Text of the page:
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Nadir Meeks Capstone

For my capstone i decided to originally host a talent show. In the beginning I had to round up talented individuals to serve as the talent for my show. I gathered singers, dancers and a little bit of everything else in between. This process showed two of SLA’s core values, research and collaboration. After I had everything in place so that the show wouldn’t suck, I needed actual permission to hold the show. I struggled with part, wanting to do everything myself I waited until the very last minute to ask teachers and Lehmann if it was ok to have the show. Sadly due to the short notice my wonderful idea of a talent show shattered once reality hit it. I had waited too long to ask for permission to host the show which made the show a liability to the school. This meant my beautiful show went bust, leaving me to do a 10 page research paper on the different way people learn to make up for it. While the talent show didn’t go a float I did learn a lot about planning and actually setting one up so that in the future I won’t make the same mistake twice.
Taent show
​Here's a small excerpt from my 10 page paper:

Almost always first on the three different types learners list, and who this research paper is going to be most effective for, visual learners are first on deck to talk about. Before we delve into the deep dark secrets of how a visual learner retains information best, we must know what exactly a visual learner is. A visual learner is someone who learns best by using visual stimuli, ence the name visual learner. Visual stimuli consist of books, pictures, flashcards, colors, etc. Any type of information that can be given solely through vision would considered visual stimuli. The thing that makes these learners special is, they can visualize anything and they’re pretty good at it. Visual learners learn effectively when they draw what they hear, go over flashcards, color code information, and write down and read over information and keywords over and over again. These are the type of people who you’ll usually find doodles invading the sides of their notebook. Surprisingly, according to the Social Science Research Network about 65% of the general population are considered visual learners. Which explains why over the course of our existence we’ve used pictures, drawings, symbols and any form of written literature to give information to one another. This is also something to be expected of today due to our technological advancements. Since we live in fast paced screen filled world where we are fed our favorite shows, news and advertisements through our phones, televisions and computers, there will be more visual learners in the upcoming younger generation. Thanks to this overload of information at the tips of our fingers attention spans of children have gotten shorter by at least. At a glance this might seem like a bad thing, but this tweaks the wiring in their brain so that the younger generation can pick up information faster through visual stimuli. With more and more children becoming fast paced visual learners eventually we will move away from reading long texts to a much more quicker, efficient way to teach.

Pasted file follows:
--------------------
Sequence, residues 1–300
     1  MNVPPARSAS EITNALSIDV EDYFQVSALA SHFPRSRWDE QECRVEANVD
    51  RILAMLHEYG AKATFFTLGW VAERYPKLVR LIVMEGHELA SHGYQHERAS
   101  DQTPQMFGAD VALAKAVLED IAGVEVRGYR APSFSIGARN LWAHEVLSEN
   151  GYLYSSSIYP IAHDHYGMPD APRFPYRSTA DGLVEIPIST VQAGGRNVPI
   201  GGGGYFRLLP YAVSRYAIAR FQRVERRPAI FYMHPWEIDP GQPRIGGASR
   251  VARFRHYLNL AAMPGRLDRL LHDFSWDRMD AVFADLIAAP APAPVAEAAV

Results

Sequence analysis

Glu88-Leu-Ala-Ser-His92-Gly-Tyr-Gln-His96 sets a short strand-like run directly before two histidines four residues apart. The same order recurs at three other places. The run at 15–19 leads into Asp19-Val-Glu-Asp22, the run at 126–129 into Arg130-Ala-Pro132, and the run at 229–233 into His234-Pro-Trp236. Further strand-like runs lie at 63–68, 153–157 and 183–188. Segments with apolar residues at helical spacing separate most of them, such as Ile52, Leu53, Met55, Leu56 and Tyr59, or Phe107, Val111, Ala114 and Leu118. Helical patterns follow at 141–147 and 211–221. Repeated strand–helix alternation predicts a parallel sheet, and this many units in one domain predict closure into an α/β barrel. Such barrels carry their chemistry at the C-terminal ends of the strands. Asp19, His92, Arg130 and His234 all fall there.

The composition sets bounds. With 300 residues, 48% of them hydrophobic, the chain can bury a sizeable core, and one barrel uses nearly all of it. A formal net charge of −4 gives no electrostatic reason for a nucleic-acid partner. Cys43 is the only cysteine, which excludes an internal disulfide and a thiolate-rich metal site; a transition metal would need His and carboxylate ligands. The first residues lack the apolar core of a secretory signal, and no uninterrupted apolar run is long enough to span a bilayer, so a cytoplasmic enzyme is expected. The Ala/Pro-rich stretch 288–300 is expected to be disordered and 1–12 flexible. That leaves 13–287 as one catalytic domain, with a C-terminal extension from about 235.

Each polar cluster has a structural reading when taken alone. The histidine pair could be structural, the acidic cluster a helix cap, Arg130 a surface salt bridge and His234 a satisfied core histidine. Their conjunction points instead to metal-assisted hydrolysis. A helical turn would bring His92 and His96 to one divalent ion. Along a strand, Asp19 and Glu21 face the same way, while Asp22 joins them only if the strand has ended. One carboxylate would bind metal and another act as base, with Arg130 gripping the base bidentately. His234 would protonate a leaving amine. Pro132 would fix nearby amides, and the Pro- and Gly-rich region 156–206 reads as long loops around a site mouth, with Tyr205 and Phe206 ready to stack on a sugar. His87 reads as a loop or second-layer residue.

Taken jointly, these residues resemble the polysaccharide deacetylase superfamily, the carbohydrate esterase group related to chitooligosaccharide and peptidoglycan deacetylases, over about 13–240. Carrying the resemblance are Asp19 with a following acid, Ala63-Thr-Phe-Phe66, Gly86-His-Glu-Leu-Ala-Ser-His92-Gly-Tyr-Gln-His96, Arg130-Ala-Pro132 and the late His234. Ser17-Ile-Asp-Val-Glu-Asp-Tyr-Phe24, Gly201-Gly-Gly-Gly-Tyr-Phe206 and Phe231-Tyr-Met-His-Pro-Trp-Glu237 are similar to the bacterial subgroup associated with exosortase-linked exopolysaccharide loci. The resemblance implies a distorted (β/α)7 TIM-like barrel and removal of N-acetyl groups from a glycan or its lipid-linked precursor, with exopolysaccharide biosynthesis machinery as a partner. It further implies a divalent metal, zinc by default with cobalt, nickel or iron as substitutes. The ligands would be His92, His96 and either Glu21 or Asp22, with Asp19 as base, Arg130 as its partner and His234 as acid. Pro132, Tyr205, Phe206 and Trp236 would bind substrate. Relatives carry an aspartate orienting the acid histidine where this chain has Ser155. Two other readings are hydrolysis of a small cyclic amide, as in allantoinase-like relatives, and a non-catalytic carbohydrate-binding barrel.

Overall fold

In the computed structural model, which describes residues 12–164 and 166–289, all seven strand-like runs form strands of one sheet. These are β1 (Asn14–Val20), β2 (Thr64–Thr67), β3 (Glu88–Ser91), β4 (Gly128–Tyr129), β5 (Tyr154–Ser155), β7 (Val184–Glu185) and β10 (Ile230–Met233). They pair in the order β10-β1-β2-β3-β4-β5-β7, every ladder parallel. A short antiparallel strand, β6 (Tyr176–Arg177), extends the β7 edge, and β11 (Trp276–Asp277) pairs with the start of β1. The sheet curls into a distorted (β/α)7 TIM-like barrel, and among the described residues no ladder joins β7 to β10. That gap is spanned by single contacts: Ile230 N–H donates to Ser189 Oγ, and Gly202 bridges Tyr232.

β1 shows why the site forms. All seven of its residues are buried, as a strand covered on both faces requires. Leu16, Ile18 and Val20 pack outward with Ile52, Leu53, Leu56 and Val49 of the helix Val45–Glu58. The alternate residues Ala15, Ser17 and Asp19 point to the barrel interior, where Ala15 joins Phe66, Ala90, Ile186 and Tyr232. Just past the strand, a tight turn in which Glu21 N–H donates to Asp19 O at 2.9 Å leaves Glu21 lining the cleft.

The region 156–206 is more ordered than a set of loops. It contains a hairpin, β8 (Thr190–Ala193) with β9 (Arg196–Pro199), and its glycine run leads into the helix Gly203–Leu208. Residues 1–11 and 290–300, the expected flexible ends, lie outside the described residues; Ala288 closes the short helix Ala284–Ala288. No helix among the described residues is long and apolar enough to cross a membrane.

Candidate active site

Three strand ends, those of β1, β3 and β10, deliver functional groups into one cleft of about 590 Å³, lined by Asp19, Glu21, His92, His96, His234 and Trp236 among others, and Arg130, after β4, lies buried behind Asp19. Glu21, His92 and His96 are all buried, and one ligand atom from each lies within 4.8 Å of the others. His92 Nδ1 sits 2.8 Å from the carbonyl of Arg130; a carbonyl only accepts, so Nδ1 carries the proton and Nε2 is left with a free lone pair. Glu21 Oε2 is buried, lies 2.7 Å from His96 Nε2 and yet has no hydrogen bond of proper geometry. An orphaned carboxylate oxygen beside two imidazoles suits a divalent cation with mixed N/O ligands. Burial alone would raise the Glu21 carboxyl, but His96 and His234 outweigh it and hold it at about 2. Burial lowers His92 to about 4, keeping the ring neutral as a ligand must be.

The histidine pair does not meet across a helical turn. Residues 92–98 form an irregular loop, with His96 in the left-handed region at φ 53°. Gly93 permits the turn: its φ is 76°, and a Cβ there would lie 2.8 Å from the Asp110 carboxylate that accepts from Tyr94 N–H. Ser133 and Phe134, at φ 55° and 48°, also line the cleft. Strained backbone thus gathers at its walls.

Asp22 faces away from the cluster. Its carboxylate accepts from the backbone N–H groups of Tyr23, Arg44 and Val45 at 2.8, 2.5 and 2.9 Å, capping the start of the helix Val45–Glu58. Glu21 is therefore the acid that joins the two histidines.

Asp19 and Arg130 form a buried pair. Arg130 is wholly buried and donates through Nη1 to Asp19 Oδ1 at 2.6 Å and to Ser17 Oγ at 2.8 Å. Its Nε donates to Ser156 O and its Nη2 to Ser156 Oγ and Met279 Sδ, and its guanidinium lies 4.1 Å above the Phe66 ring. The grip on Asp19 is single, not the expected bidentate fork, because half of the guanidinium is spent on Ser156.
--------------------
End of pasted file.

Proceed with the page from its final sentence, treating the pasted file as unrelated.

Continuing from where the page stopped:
Bibliography

https://docs.google.com/document/d/1Jv-LaanbafTKezd3U6PcBjuN08yoU9zWH-lqys3QICk/edit?usp=sharing